LNG for ship vessels, a reality that now knows no borders or territorial limits. According to Riviera Maritime Media, “by 2023, the global LNG bunkering fleet will be five times as large as it was in 2018, reaching 50 vessels, underpinning the uptake of LNG as a fuel by international shipping.”
LNG for ship vessels
“One of the latest additions to the fleet will be FueLNG Bellina, a 7,500 m3 capacity LNG bunkering vessel for Singapore, the country’s first. Named at a ceremony in Singapore, FueLNG Bellina is owned by FueLNG, a joint venture between Keppel Offshore & Marine Ltd and Shell Eastern Petroleum (Pte) Ltd. Expected to be operational by year’s end, FueLNG Bellina will be the first to provide regular ship-to-ship LNG bunkering services within the Singapore port. FueLNG will also provide LNG bunkering from Singapore’s first dedicated LNG bunkering facility, which will be built by Keppel O&M on its Floating Living Lab (FLL), with Shell supplying the LNG to the 3,500-m3 capacity facility when it becomes operational Q4 2021.”
Very close to Singapore “Avenir LNG subsidiary Avenir (L) Pte Ltd has taken delivery of Avenir Advantage, Malaysia’s first dedicated LNG bunkering and supply vessel from Keppel Offshore & Marine’s Nantong Shipyard, Jiangsu Province, China.”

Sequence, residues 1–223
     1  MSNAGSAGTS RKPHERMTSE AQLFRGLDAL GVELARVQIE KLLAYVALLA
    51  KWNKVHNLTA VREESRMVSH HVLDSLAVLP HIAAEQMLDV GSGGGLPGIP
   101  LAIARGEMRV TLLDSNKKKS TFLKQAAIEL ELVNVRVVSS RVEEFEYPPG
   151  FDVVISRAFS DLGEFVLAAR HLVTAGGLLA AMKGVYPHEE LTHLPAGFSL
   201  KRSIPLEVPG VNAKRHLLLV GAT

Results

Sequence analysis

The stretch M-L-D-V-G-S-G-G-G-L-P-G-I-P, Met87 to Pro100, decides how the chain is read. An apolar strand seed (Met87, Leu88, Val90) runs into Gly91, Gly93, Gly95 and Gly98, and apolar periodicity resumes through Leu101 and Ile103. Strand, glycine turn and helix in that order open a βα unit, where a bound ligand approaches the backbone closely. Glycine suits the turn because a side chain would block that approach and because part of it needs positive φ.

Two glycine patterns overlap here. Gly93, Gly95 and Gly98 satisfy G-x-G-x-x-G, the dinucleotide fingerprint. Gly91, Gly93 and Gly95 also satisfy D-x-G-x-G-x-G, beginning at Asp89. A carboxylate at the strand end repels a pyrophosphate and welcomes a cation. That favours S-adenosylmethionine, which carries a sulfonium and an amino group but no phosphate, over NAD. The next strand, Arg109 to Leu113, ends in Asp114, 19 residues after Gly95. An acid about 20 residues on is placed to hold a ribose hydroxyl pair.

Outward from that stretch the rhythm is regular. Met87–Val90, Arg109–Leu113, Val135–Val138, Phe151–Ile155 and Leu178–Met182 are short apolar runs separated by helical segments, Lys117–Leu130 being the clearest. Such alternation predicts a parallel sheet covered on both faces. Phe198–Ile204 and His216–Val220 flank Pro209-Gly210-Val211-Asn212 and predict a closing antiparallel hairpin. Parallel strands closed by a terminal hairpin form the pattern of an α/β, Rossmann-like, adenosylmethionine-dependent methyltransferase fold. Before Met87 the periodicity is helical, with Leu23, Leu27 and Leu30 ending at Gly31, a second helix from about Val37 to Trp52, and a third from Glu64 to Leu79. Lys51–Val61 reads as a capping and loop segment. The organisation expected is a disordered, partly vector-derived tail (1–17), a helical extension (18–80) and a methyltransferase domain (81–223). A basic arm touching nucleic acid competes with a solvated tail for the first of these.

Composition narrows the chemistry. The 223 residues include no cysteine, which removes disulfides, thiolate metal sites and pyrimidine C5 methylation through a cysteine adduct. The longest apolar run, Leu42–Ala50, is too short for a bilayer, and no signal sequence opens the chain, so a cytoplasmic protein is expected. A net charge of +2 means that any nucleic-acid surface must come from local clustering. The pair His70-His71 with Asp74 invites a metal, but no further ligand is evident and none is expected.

Ship-to-ship, in Italy. Costa Crociere
In Italy, the first ship-to-ship refuelling for an LNG-powered cruise ship took place. The ship refuelled was the Costa Smeralda, flagship of the Costa Crociere fleet, the largest LNG-fuelled ship in the world. We told about it in our Italian website, dieselweb.eu, and we report here an abstract. The ship was refuelled by the Coral Methane, owned by Dutch shipowner Anthony Veder, with a capacity of 7,500 cubic metres of LNG, leased from Shell under a long-term contract. In turn, the US-based Carnival Group, of which Costa Cruises is a member, has a 10-year contract with Shell for the global supply of LNG to all its ships using it. This ship uses Vanzetti engineering‘ cryogenic pumps. The actual refuelling, which lasted about four hours, was 2,400 cubic metres with a maximum refuelling rate of about 630 cubic metres per hour. The Costa Smeralda can also use marine diesel oil if necessary, but it is a boast of the owner that it has been using around 100 per cent LNG since its ships have been in operation.